Value Midrange Common Components
While AMD and Intel architectures differ in sockets and sometimes memory configurations, there is more that is the same in the two systems than there is that is different. For that reason the Intel and AMD Value Midrange Systems share a number of common components.
For video card best value we have paired the Sapphire Radeon HD 4870 1GB with both the Intel and AMD systems. As pointed out in the recent Holiday 2008 GPU Guide, the 4870 1GB is the minimum card we use internally for gaming comparisons. The Sapphire was our guide choice, but $230 seems the going rate for the 4870 1GB these days. It is available from MSI, Diamond, ASUS, HIS, Power Color, and others so you can shop for the best buy.
On the Intel system, the Gigabyte GA-EP45-UD3P motherboard provides a second PCI x16 slot. Video performance can be improved even further by adding a second Radeon HD 4870 1GB in CrossFire mode. You can also start with two 4870 512MB video cards that are now available for as little as $180 each from Power Color. This will provide 4870 CrossFire for a video card cost for both cards of just $360 total. The motherboard choice for AMD is the Foxconn A79A-S, which also provides multiple x16 slots for CrossFire. The same video options apply to the AMD Value Midrange system.
Hard drive capacity continues to grow, as you can see in our selection of the Seagate Barracuda 1TB drive (1000GB). While the Seagate 1.5TB drive was plagued with problems at its release, the performance and reliability of the 1TB Seagate has been excellent in our testing so far. For a price of around $100 the value is incredible. While there are differences between hard drives, outside of running benchmarks most people aren't likely to notice the difference in performance between Western Digital, Seagate, Samsung, Hitachi, and other major brands. All are worthy of consideration if the price per gigabyte (or terabyte) is right.
We feel the optical drive for a best value midrange system needs to play Blu-Ray disks. The flexible LG GGC-H20LK has the ability to read both Blu-Ray and HD format disks. It also can burn DVDs at 16x speed in single or dual-layer formats. It cannot, however, burn 25GB/50GB Blu-Ray disks; adding that capability raises the cost to around $200 to $250. BD burners like the $200 LITE-ON 4X BD-R 12X DVD+R 4X Blu-ray DVD-ROM or the $230 LG 6X Blu-Ray Burner GGW-H20LK are good choices.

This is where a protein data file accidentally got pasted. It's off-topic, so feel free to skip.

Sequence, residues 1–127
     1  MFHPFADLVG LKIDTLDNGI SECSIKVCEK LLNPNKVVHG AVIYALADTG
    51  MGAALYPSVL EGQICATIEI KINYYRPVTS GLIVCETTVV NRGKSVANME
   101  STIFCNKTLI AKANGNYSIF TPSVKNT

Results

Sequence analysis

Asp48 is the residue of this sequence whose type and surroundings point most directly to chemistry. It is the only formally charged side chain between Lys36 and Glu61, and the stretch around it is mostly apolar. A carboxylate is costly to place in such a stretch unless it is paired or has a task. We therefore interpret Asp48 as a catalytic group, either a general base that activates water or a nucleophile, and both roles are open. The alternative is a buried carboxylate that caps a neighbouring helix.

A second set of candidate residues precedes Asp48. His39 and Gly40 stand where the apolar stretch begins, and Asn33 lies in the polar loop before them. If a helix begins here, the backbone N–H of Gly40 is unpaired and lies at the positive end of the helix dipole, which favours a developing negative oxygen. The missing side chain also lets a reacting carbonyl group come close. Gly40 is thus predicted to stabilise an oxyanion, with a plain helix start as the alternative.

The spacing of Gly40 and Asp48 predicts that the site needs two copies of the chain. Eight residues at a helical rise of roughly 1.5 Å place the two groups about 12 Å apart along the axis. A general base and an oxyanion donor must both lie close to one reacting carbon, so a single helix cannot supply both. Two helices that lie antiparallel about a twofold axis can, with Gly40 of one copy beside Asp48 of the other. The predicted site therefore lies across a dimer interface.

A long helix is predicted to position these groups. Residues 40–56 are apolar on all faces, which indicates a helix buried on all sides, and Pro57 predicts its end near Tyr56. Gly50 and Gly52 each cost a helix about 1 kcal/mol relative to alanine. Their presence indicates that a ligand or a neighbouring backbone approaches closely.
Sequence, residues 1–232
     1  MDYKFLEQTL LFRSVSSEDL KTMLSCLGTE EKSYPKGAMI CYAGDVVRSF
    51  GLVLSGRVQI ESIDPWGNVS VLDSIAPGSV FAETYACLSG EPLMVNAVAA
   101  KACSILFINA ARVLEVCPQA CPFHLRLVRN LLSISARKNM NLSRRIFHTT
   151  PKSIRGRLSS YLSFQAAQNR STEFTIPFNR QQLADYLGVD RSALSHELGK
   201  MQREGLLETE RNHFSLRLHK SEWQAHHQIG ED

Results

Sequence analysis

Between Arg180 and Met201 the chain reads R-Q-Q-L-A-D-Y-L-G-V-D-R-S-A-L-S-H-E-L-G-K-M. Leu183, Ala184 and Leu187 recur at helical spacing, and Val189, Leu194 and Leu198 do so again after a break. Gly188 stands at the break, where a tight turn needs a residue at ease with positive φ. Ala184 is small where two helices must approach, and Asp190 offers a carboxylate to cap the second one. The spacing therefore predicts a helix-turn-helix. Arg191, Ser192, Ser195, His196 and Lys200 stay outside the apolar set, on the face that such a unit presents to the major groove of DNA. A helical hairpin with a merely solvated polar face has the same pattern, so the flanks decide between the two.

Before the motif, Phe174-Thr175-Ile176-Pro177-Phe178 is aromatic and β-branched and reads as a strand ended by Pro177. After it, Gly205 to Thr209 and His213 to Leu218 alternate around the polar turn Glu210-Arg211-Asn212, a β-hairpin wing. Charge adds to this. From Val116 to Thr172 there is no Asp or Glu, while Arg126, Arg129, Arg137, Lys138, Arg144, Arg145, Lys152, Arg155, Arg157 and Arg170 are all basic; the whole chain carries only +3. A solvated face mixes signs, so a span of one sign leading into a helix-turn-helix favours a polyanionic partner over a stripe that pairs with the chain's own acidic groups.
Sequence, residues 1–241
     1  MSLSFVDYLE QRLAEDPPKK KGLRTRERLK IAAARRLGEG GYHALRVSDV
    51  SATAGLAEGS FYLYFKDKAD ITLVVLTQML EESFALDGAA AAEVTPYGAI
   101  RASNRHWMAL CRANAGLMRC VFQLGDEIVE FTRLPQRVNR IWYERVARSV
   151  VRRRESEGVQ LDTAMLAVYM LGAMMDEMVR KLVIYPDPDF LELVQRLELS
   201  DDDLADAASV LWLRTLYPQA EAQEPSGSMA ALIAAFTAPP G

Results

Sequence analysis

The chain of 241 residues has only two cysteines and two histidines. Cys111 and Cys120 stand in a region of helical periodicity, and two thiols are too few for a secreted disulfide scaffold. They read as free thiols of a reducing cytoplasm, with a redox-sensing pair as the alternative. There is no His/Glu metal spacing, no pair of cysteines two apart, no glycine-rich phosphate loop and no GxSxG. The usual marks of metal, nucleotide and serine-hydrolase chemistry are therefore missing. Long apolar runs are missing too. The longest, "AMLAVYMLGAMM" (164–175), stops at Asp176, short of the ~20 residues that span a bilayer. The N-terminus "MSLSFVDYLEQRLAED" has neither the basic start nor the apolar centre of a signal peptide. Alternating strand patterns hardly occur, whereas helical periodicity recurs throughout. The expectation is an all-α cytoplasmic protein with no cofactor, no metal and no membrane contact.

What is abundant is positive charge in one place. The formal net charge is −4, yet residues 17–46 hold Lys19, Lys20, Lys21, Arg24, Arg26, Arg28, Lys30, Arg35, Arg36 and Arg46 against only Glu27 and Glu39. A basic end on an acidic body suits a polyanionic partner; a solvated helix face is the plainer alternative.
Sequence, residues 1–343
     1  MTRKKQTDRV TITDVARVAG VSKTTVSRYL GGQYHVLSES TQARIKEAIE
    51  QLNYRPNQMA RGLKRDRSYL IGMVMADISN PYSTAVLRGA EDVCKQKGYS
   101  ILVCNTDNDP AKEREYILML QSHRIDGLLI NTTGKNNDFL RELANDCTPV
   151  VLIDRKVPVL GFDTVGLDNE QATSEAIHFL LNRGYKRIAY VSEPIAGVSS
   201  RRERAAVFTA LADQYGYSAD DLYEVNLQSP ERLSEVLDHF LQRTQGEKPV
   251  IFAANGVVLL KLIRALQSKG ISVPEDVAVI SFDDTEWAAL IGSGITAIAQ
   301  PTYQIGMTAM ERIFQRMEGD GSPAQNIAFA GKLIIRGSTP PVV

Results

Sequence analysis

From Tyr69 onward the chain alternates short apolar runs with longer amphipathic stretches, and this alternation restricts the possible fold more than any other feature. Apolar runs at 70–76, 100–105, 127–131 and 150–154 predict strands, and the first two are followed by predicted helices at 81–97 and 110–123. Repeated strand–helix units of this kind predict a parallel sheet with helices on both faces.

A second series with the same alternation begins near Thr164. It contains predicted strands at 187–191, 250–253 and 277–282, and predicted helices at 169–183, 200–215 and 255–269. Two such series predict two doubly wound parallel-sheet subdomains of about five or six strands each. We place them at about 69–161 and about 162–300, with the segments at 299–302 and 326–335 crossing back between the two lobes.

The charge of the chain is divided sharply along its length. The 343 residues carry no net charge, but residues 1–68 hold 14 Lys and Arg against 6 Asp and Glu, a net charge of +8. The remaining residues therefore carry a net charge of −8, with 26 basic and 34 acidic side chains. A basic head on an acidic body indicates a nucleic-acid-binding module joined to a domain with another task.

Cases are often very personal choices when it comes to features, but the Cooler Master RC-690-KKN1-GP is one of our favorites and it is also very well regarded by our readers. It comes standard with three 120mm fans for excellent cooling and low noise, and the power supply mounts in the bottom of the case. Audio, USB, Firewire, and eSATA ports are on top of the case, which we find an ideal location. The front bays are also ventilated metal mesh for cooling and appearance. If you prefer a more traditional case configuration, the Cooler Master Mystique, also selling for $80, mounts the PSU on top, provides font panel jacks, and is loaded with expansion ports and two 120mm fans.
The last major component to discuss is the display, and here the tilt was toward best value at full 1080p HD (1920x1080) resolution. The new class of 16:9 21.5" LCD monitors provide true 1080p resolution at the break-through price of just $199. That stellar value shows just how far LCD technology has progressed. If your budget allows, or you just prefer a slightly bigger screen at the same resolution, you can move up to a 24" 16:9 1080p LCD that is selling today for around $300. Alternately, you can downgrade the resolution to 1680x1050 for slightly larger pixels (i.e. more readable text) if you purchase a 22" LCD and save a bit of money.
While the Creative Sound Blaster X-Fi Xtreme Audio is not the best sound card on the market, it is definitely tops in game compatibility. This Creative X-Fi card does a good job with audio, won't break the bank at $50, and it is a great choice for either set of powered speakers. Some would argue that onboard sound is all you need for a $1500 system, and if you are inclined to agree or have a really tight budget, you can save $50 on either the Intel or AMD Value Midrange builds just by using onboard sound.
The Logitech X-540 has been a perennial favorite of users as a reasonably priced but good performing, powered 5.1 computer speaker system. It will certainly not challenge the performance of a separate Dolby amplifier powering audiophile speakers, but it will provide surprisingly good sound for the price.
The Creative Inspire T6100 76 Watts 5.1 Speaker System is a similar powered speaker system that is selling at Amazon for just $57. The Creative speaker system is our choice in the AMD Value Midrange system, but either speaker system is a good choice for these Value Midrange builds.
Our choice for the top of the midrange is the well-regarded Logitech G51 system. This is mentioned only because the G51 is now just $90 after a $40 rebate, so if you want a better speaker system your net cost for choosing the G51 instead is just $10 more than the Logitech X-540 or $33 more than the Creative Inspire T6100.
These are clearly desktop systems, so the keyboard and optical mouse are the basic Microsoft OEM kit. If you have more specific needs or a favorite gaming mouse you likely know exactly what you prefer. The Microsoft pair is very capable for most. For greatest compatibility, we have chosen Microsoft Vista Home Premium OEM as the Operating System. Unless you have specific networking and special enterprise security needs there is no real reason to pay the extra for Vista Ultimate. We personally recommend the 64-bit version now, but a select few applications still need a 32-bit OS (i.e. Dragon NaturallySpeaking and GameTap to name just two).